Rotman Research Institute used O*NET data for a National Institutes of Health study on occupation attributes and dementia. The O*NET database proved to be an invaluable resource, providing comparable variables across a wide range of occupations. The database provided a basis for the assessment of the characteristics of patients' occupations and for the subsequent task of relating these characteristics to cognitive style and brain degeneration in various forms of dementia.
Health and Human Services Pathway program from Seattle Washington Public Schools
Seattle Washington Public Schools used O*NET data in its Health and Human Services Pathway program. Career educators used O*NET occupational information to structure their work in reorganizing courses of study. For the occupations in their curriculum, they used the common language of O*NET data to support the content a course should include. Educators also considered crediting courses across Pathways. For example, they might have identified a Career and Technical Education course that also fulfilled a requirement in art, social studies, or English by looking for O*NET abilities, skills, and work contexts that are common across multiple Pathways.
The Association of College and Research Libraries, a division of the American Library Association, provided the following information on the O*NET Web sites in their C&RL News. Job seekers, students, workers, employment professionals, counselors, and others interested in exploring occupations and careers will find this site a great place to start.
- O*NET Online is a well-designed search engine for exploring the database.
- Beyond O*NET Online, this site is chock-full of information on the Consortium, other easily accessible O*NET products, career assessment guides and tools,research and technical reports, data collection methods, planned products and ways to contribute to the process.
- O*NET Online alone, however, is worth the stop for students searching for relevant careers at any point in their academic journey. Through it they can explore occupations, match skills, find out about salary and trends, or just see what is out there. Researchers, employment specialists, and others can dig deeper and discover a wealth of information about the world of work likely available nowhere else. (Valentine, 2004, February)
Central Michigan University (2004) has used O*NET Content Model domains to identify the competencies for a leadership competency model for students. The model consists of five dimensions, each with multiple competencies drawn from the O*NET Content Model and an existing management taxonomy of work activities. Work requirements and worker characteristics were reviewed to identify skills, knowledge, abilities, work styles, generalized work activities, work context, and organizational context relevant for each dimension. Although the resulting model was intended for students and was distributed to members of the campus community, it was also distributed to interested employers because of likely relevance to a variety of organizations.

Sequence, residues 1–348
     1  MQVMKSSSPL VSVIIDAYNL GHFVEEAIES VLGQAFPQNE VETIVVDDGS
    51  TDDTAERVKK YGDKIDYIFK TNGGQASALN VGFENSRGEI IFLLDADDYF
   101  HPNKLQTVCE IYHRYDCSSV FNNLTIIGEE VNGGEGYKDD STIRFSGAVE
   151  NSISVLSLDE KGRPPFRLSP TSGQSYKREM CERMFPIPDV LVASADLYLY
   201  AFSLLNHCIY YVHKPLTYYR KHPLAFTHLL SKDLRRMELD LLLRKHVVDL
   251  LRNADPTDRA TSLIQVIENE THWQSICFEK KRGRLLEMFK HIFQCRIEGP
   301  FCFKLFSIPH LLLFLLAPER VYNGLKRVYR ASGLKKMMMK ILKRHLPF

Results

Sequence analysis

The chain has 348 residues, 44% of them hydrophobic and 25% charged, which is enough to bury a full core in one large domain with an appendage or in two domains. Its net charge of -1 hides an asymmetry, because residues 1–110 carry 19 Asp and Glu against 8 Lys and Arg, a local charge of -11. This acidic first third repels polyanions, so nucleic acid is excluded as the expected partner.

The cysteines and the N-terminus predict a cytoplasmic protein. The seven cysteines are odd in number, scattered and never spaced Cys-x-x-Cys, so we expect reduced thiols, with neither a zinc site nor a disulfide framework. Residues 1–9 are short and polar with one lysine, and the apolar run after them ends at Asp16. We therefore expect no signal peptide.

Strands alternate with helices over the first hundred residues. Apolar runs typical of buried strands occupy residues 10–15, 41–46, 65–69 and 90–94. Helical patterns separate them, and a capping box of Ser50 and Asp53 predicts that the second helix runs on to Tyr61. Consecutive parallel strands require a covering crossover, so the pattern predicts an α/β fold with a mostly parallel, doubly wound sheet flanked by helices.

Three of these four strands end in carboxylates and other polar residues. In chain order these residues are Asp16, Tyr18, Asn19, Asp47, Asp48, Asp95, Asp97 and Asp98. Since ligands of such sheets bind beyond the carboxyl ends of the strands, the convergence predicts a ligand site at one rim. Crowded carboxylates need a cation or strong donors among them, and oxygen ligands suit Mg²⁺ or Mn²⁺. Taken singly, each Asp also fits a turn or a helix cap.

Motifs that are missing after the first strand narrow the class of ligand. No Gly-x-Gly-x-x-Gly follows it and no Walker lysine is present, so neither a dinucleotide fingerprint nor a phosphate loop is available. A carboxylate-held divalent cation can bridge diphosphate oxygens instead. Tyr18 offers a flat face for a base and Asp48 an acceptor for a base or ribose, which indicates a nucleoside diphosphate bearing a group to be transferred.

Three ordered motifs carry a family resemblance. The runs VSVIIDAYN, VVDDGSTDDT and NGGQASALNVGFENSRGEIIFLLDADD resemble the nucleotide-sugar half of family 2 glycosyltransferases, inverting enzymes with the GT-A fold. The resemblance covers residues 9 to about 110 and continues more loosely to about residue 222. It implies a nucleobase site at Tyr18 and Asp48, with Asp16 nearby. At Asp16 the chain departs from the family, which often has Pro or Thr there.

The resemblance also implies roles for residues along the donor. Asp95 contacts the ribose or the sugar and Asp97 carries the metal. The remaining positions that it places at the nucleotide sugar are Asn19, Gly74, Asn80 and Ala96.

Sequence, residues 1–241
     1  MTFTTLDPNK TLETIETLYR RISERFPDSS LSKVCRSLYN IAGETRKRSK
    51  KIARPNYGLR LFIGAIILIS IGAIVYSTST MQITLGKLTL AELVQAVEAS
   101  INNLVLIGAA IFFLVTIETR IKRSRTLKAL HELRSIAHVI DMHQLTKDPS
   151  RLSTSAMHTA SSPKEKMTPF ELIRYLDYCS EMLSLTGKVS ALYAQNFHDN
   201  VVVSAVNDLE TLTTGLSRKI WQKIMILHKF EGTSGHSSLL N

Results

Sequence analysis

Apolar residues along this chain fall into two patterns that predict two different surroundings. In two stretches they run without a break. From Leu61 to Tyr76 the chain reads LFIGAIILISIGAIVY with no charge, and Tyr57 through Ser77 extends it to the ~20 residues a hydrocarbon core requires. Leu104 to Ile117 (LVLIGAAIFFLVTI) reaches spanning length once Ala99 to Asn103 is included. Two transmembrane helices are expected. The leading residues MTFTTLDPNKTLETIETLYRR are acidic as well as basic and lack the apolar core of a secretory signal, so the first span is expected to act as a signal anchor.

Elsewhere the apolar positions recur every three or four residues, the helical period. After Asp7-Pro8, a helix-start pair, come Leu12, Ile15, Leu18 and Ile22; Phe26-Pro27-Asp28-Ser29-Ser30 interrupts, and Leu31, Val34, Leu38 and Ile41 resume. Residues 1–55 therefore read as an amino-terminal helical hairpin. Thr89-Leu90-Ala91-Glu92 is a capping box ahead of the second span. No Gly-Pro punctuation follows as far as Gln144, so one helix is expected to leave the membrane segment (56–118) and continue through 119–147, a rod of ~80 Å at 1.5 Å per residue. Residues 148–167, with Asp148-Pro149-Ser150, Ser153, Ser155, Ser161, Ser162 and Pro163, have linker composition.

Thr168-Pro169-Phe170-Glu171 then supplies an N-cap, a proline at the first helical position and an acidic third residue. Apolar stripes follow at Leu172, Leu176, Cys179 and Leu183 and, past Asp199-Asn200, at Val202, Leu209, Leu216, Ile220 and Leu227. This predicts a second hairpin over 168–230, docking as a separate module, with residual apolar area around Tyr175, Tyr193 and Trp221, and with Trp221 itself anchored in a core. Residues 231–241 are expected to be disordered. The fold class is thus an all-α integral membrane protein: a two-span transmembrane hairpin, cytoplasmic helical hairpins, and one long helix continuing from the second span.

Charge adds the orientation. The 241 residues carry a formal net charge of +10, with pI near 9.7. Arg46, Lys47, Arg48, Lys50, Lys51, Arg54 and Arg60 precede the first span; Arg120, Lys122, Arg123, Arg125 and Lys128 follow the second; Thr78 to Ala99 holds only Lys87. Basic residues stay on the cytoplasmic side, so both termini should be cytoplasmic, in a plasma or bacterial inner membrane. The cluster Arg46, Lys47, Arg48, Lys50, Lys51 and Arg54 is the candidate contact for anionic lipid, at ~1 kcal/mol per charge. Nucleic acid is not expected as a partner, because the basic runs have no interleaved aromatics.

The John J. Heldrich Center for Workforce Development is located at the Edward J. Bloustein School of Planning and Public Policy at Rutgers, the State University of New Jersey. The center teaches the use of O*NET information in its Working Ahead: The National Workforce and Career Development Curriculum. This credentialed 120-hour curriculum teaches career counseling and guidance to front-line staff in workforce development, community organizations, and community colleges. Working with a network of state departments of education and state career resource networks, the Heldrich Center is developing a training guide and student manual so that counselors and education staff can learn to use the O*NET database as a career exploration tool for middle school, high school, and college-level students.
The Mid-Valley Special Education Cooperative in St. Charles, IL, employs O*NET information throughout its training programs. The school uses O*NET data to match the skills learned by the students with community-based work training opportunities. O*NET work context elements are used to help assess what accommodations may be required in the work environment. The cooperative also focuses on O*NET work styles, developing these soft skills within their training programs. When students are ready to find employment, standard O*NET language is used to develop resumes, including knowledges, skills, abilities, and work styles.
The National Academies of Sciences is evaluating O*NET information as a tool for making important human-capital decisions. As part of its research on changing worker requirements, the National Academies of Sciences commissioned a paper by the Human Resources Research Organization (HumRRO) to investigate the feasibility of O*NET information to assess changing worker skill requirements. The paper describes the key elements of the O*NET system, and provides examples of the many ways O*NET has been used by the education, public, and business communities to improve workforce decisions. The paper concludes that O*NET is a rich and important data source that can be used in many different ways to assess changing skills necessary for workers to be successful in today's workplace.